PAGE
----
How often do we fall into the trap of political correctness or niceties to avoid telling people about Jesus? The pursuit of progressivism is increasingly something that people try to grasp onto by ‘virtue signalling’. Such is the extent of this new liberal culture that it is often difficult to realise that society has been enslaved.
Many people around the world including Christians feel trapped by the booming rise of people who would like to stamp out dissent with totalitarianism instead of reasoned debate. Those people who signal supposed virtue to others through the silencing of opponents such as Christians, are unfortunately stuck and caught up in a mindset that makes them feel the need do good works.
It may be that Kanye and Milo Yiannopolous have highlighted in their public speeches that people should not be playing what has been described as the ‘victimhood Olympics’ where certain groups try to make themselves out to be the most victimised – and in the case of African-Americans, being slaves. Such mentality often leaves people living as if they were subject to constraints when in fact they have been given the freedom to live as equals.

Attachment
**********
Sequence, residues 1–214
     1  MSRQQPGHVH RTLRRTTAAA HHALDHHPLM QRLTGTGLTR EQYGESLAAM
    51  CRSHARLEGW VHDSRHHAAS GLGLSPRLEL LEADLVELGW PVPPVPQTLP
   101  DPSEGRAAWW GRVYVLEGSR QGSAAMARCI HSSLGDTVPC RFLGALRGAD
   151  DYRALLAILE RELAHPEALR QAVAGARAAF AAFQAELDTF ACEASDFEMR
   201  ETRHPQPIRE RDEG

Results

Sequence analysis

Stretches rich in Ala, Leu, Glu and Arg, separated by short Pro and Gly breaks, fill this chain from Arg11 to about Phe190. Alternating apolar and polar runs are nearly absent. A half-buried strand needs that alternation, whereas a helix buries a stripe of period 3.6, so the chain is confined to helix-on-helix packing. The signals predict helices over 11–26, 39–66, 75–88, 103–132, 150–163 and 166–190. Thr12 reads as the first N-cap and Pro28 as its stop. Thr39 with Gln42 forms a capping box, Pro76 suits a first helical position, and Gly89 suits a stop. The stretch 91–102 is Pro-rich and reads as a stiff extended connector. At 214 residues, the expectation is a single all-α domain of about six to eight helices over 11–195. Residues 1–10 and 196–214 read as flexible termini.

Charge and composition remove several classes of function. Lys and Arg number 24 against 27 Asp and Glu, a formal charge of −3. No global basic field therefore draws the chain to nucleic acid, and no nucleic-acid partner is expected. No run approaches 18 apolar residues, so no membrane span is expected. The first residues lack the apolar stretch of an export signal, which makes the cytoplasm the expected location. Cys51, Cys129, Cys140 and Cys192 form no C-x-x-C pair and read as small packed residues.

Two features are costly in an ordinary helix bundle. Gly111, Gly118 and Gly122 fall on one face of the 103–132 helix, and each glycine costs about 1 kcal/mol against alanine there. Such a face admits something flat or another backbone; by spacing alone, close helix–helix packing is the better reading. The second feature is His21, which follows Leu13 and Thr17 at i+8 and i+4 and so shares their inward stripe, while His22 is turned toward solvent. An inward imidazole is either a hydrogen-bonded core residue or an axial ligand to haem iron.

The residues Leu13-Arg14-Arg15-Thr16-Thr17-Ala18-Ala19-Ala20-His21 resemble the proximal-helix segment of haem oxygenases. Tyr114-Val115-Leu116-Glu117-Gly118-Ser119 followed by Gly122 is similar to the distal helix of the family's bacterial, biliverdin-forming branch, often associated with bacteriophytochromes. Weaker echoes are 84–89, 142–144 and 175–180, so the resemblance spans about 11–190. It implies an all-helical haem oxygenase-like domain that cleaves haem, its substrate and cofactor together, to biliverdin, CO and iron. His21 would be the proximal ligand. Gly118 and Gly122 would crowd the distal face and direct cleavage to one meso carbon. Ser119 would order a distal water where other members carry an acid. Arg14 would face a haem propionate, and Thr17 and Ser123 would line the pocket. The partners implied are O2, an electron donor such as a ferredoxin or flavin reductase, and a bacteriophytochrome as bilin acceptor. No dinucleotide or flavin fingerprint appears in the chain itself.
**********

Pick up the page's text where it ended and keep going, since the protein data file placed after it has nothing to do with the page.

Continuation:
Slaves for Jesus
The followers of Jesus have also decided to live as slaves, so in fact Kanye is right when his poor choice of words gave rise to the implication that slavery was a choice. But not the transatlantic slavery that mainstream media is referring to but rather as slaves for God’s righteousness (Romans chapter 6 verses 15 to 23). Everyone in the world is given the freedom to choose who they want their master to be. For the followers of Jesus, we have made the decision to live for God instead of the world.
Through Jesus, He has set those who believe in Him free from God’s wrath. But by freeing Christians from eternal death, He does not leave us on our own two legs, rather God welcomes us into His new home where we humbly serve Him as His children. It is a great privilege that the followers of Jesus can be freed of the earthly masters such as the pursuit of money or status or virtue etc, and to be embraced by a new master that loves and genuinely cares for us.